The better photographers developed their own styles. "There's an assumption that Hollywood photography all looks a bit alike," says Dance, pointing out the evidence in the 1930s section of the exhibition, which has some photographs grouped by photographer. Hurrell, for example, liked dramatic lighting and sexy poses. "When Bull does Johnny Weissmuller, he's like the handsome boy next door," Dance says. "When Hurrell is photographing John Weissmuller, his skin is steaming."
There are familiar shots in the exhibition -- Charlie Chaplin standing on a street corner with Jackie Cooper in "The Kid" (by an unknown photographer), John Gilbert hovering over Greta Garbo in "Flesh and the Devil" (by Bertram "Buddy" Longworth).
There are also some surprises. A close-up of Vivien Leigh, a publicity shot by Fred Parrish for "Gone With the Wind," depicts her disheveled and looking half-mad. Her face is lighted from the left, with the other side in darkness -- a moment excerpted from the famous "As God is my witness" scene when Scarlett O'Hara is reduced to digging in a field for sustenance. Farther along the wall, in stark contrast, is Leigh in a more familiar pose -- as the beautifully coiffed and controlled Southern belle, captured by Laszlo Willinger.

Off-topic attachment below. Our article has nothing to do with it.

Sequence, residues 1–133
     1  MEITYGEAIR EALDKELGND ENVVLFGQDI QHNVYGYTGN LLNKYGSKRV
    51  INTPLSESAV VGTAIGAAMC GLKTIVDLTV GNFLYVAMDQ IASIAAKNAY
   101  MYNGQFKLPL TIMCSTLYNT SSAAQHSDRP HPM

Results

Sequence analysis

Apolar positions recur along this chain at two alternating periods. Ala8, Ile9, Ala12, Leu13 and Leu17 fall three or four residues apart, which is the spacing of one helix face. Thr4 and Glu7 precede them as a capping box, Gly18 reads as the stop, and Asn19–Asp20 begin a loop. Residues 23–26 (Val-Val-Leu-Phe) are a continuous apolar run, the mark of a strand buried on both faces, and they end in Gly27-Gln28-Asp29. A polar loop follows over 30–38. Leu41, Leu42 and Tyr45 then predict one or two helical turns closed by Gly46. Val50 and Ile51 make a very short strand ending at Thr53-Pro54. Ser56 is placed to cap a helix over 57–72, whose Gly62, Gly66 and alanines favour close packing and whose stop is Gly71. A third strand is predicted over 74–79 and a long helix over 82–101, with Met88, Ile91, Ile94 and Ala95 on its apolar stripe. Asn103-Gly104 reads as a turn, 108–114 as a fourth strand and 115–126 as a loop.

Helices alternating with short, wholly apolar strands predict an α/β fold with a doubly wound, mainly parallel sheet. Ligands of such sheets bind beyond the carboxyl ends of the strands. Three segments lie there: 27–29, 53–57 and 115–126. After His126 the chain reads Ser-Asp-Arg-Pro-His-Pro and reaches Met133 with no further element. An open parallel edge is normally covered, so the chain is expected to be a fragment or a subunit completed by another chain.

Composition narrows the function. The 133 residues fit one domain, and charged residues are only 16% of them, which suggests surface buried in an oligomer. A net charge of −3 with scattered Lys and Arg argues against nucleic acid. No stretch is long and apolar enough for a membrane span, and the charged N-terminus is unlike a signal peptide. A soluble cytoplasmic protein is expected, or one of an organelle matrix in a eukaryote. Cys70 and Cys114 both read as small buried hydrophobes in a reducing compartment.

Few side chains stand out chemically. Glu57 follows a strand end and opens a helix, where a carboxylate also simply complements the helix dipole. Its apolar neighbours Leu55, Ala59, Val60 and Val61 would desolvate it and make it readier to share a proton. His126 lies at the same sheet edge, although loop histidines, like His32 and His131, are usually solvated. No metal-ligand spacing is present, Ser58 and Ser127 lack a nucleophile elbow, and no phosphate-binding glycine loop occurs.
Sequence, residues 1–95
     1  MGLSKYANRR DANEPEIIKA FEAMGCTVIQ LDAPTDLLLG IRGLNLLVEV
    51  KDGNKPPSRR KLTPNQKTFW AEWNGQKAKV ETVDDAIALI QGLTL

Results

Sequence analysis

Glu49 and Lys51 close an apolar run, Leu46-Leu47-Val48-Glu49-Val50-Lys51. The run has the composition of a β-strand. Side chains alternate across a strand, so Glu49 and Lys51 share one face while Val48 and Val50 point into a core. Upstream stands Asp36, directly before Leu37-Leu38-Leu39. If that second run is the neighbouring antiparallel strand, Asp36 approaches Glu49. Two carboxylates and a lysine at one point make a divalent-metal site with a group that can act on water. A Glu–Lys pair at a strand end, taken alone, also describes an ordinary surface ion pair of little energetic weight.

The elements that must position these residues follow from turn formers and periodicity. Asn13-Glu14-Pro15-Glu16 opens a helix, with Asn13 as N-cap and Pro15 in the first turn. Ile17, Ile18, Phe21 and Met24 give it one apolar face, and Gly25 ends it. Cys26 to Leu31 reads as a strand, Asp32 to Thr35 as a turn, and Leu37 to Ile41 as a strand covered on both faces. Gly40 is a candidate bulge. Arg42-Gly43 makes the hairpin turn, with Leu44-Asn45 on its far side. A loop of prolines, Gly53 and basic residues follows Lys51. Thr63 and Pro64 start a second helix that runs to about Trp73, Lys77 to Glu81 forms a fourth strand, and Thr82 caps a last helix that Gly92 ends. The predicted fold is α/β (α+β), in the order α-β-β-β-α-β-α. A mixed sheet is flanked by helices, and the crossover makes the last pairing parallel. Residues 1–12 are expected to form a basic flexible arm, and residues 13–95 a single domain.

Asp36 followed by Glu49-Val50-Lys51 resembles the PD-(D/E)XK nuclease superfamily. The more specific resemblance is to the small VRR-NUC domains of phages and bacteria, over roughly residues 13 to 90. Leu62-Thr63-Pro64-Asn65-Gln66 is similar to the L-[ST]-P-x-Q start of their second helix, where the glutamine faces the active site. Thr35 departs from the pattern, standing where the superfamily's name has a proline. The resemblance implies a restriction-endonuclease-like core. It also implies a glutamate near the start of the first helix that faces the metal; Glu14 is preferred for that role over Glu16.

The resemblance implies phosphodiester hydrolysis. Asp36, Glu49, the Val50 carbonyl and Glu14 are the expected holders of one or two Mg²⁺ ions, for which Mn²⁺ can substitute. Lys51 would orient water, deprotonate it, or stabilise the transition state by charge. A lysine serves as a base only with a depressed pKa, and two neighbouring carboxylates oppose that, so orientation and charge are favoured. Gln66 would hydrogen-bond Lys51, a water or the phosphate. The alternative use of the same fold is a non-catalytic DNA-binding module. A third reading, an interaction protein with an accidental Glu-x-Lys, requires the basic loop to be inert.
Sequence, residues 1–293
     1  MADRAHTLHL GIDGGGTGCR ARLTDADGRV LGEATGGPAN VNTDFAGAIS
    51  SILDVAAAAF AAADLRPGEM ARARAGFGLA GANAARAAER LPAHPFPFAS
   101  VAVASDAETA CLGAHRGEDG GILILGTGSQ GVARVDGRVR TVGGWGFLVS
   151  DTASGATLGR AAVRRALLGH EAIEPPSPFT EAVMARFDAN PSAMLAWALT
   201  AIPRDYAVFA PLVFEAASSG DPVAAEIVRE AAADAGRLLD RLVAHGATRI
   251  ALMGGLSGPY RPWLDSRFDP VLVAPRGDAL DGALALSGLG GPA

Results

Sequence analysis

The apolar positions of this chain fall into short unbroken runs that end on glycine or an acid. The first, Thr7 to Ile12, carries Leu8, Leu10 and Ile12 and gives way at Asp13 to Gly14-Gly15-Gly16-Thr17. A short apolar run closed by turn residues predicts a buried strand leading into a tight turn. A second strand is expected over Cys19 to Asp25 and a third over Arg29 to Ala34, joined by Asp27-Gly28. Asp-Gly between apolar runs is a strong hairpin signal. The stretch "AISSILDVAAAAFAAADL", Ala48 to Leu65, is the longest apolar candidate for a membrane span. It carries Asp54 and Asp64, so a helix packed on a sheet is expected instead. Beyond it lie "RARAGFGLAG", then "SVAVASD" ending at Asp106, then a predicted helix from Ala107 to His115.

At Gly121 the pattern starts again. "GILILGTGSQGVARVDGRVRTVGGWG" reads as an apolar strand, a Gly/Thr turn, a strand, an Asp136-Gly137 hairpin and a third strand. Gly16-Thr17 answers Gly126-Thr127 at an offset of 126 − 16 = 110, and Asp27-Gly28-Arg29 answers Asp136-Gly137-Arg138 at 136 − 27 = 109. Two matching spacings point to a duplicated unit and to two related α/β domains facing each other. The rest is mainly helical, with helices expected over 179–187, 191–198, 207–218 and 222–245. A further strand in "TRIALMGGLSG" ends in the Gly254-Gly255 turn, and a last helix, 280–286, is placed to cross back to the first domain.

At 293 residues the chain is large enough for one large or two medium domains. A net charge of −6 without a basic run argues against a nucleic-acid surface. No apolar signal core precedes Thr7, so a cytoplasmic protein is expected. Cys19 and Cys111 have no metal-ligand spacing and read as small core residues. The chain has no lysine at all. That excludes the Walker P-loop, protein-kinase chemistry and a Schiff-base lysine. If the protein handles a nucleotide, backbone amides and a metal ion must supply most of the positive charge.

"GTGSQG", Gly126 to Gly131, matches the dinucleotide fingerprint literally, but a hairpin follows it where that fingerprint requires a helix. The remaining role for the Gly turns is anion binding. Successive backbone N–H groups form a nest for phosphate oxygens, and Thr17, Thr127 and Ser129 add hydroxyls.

Fall from glamour
The end of the Golden Age was also the end of the studio system. Mighty and magnificent, the system had also been dictatorial and repressive, sometimes perversely so. Its demise in the late '50s and early '60s meant the end of image-building and control: With no actors on contract, what was the point of spending all that time and money creating images for them? In came freelance photographers and paparazzi, more interested in catching naughty candids than in airbrushed beauty.
The public too seemed interested in more humanized or vulnerable portraits, and there are number of those in the final section, the 1950s. A high-angle shot of a waif-like Marilyn Monroe, sitting on a curb, shows her touching up her makeup. There's also the pensive Rock Hudson featured on the cover of the exhibition's companion book, "Glamour of the Gods," written by Dance. Hudson's eyes are downcast, and there's a weary look on his ruggedly handsome face, where wrinkles are starting to creep. Maybe he realized that the Twilight of the Gods was coming next.
"Made in Hollywood: Photographs From the John Kobal Foundation," Santa Barbara Museum of Art, 1130 State St., Santa Barbara, 11 a.m. to 5 p.m. Thursdays through Sundays. Ends Oct. 5. $9; free Sundays. (805) 963-4364 or www.sbma.net.